Policy Cycle Tips Stage 2 - Writing Policy Documents

Policy Cycle Tips Stage 2 - Writing Policy Documents


An initial draft of a policy document is written by the designated Policy Writer.  Amending an existing policy document is initiated by obtaining the most recent word-version from the Policy Unit.



  • write down detailed   information, and then progressively sort this text into a logical order
  • develop a rough draft   of key points (headings or themes) for possible inclusion in the   document.  Certain legislation,   regulations or codes may specify issues that are required to be included in   the policy document. These key points and issues can be discussed in consultation   workshops.
  • work through the key   points and determine in detail, the policy principles which fit under each   key point or theme.  Start with the   phrase ‘the institution will ...’ as a prompt.

Write early and often

  • write as you would   normally, then edit to remove unnecessary and informal words, phrases or information   that does not add value to the policy document.


Keep the structure simple by using:

  • gender-neutral   language - use "their" instead of "he/she"
  • short sentences   (maximum of 15 words) by removing words that don’t add meaning
  • short paragraphs   (maximum of 100 words for policies; maximum 40 words for procedures)
  • lists – this makes documents   easier to read, and encourages short sentences
  • consistency -   repetition of familiar words increases comprehension.

Ensure long-term document currency by:

  • avoiding use of information   that is quickly outdated and that therefore requires regular amendment (e.g. use departmental names and generic phone numbers rather than specific names or   contact details)
  • providing links to generic web pages rather than specific web pages. For example, refer to "Student Administration Forms" rather   than the specific url for the form; refer   to “Enterprise Agreement” rather than a specific clause.


Name a policy document to reflect content and for logical location

Policy   documents are listed alphabetically (and by category) on Policy Central, so the first letter of the first word is critical for easy searching.  Ensure that the title:

    • accurately reflects the content of the policy or procedure
    • does not start with words such as ‘the’, ‘that’ or ‘a’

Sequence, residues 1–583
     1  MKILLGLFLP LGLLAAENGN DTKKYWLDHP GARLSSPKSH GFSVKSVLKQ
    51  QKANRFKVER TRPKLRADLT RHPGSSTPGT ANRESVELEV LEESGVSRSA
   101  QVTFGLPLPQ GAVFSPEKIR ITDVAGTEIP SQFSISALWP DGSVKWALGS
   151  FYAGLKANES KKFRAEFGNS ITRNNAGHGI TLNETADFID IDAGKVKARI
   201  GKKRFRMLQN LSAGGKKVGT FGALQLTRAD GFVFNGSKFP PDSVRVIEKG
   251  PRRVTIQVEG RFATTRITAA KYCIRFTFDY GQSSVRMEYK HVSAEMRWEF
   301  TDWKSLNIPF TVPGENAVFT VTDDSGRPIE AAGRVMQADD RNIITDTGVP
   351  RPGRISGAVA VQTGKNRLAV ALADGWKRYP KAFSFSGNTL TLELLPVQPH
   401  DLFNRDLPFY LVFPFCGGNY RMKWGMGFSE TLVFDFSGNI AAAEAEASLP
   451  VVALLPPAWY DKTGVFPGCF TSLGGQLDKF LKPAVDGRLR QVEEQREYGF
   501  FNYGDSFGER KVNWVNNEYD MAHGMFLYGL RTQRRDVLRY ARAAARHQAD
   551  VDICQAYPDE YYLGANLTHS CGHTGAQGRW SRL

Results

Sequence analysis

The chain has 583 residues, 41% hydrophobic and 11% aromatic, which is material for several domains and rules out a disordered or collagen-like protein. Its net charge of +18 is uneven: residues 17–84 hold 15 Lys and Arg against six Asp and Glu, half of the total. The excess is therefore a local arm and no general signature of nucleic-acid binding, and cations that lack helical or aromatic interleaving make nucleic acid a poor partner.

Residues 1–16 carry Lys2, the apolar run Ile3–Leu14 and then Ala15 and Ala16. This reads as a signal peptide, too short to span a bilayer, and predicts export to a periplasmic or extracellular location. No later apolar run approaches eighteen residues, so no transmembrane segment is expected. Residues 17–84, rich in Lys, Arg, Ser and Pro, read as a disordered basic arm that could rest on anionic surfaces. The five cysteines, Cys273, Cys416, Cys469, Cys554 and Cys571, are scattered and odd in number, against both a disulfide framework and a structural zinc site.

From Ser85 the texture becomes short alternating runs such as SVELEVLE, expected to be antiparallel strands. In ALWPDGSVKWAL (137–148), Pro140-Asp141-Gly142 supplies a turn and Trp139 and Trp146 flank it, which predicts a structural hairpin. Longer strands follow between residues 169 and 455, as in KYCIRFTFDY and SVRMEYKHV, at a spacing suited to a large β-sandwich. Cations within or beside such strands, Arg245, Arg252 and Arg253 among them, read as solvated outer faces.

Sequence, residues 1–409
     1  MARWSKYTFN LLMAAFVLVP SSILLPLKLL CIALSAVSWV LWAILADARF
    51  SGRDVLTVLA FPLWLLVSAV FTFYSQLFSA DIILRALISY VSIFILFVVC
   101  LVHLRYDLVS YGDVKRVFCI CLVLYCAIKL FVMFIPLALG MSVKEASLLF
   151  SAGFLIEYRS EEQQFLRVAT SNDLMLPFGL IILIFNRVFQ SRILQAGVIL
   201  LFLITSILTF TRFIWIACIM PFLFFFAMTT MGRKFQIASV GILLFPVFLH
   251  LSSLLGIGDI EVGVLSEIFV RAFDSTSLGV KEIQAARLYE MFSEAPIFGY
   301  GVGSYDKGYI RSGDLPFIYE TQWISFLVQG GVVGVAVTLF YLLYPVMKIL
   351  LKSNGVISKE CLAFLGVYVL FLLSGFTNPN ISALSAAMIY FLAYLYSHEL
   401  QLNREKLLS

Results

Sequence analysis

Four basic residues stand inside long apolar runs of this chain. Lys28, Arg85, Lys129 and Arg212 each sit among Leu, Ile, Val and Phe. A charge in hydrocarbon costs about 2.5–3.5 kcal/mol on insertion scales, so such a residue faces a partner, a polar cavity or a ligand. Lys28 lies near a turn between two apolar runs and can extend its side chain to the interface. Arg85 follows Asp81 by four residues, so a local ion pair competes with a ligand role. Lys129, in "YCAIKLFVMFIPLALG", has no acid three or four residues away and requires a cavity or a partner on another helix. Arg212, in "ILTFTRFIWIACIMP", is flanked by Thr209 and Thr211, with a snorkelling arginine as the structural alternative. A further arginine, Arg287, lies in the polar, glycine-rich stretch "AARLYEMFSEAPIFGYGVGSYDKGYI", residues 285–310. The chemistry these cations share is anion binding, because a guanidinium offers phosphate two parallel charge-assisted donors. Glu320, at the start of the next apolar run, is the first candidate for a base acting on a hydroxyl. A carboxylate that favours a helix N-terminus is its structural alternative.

• is succinct
    • of related documents have similar titles, and
    • avoids using generic first words such as ‘University’, ‘Policy’,   ‘Code’ or ‘Procedure’.


Write in plain English

Be concise, succinct and explicit

  • use common words such as ‘often’ instead of ‘in most cases’: ‘before’ instead of ‘prior to’:   ‘because’ instead of ‘due to the fact that’; ‘use’ instead of ‘utilise’
  • rather than ‘Submit the appropriate form’ say ‘Submit the Withdrawal from Program form’
  • if a decision or action is:
    • mandatory, then usemust’ or ‘will’ or ‘is required’
    • recommended or valid reasons to deviate from the requirement exist in particular circumstances, then use 'should'
    • permissive, then use may’.
  • avoid the word ‘shall’ unless there is a legislative requirement that prescribes its use. This word   causes confusion between whether an action is mandatory or recommended
  • use short words (one or two syllables)
  • use active, rather than passive language
  • write as you would speak, editing out informal words or phrases
  • avoid the use of jargon, unnecessary technical expressions, and fancy vocabulary.

Be consistent with the use of terms and context

  • refer to the University Glossary for key acronyms, abbreviations, terminology and definitions in use at the   University
  • do not use acronyms without first using the full title/term before using the acronym
  • follow the   University’s Style Guide.

(refer Policy Template)

  • express principles, intent, values, and expectations to assist or direct decision-making and operations in the University
  • are usually expressed in standard sentence and paragraph format.

When writing a policy:

  • start sentences with the phrase ‘the institution will ...’ as a prompt
  • establish and describe ‘what will be done’ rather than ‘what will not be done’
  • include what the principles, intent, values, and expectations are, when they apply and to whom they apply.

(refer Procedure Template / Flowchart Template (PDF) / Key   Shapes)

Note - to access the Flowchart template in Microsoft Visio format contact policy@mq.edu.au

  • describe the actions undertaken to achieve the policy intent
  • identify the position title of the person responsible for undertaking each action

When   writing a Procedure:

  • include a workflow (flowchart)  showing the actions needed and the position title of the person responsible for completing those actions.
  • if necessary, supplement with further Instructions to describe the required actions.  Start with an action verb e.g. ‘Submit   completed form to Academic Unit; rather than ‘The student should complete the form and then submit it to the Academic Unit’.
  • avoid too much detail and link to other detailed work instructions as appropriate
  • Include related documents, forms, work instructions etc. in the ‘Key Related Documents’   section.

(refer Schedule Template)

Structure the information into a table where possible (eg criteria for promotion).

Back to the top of this page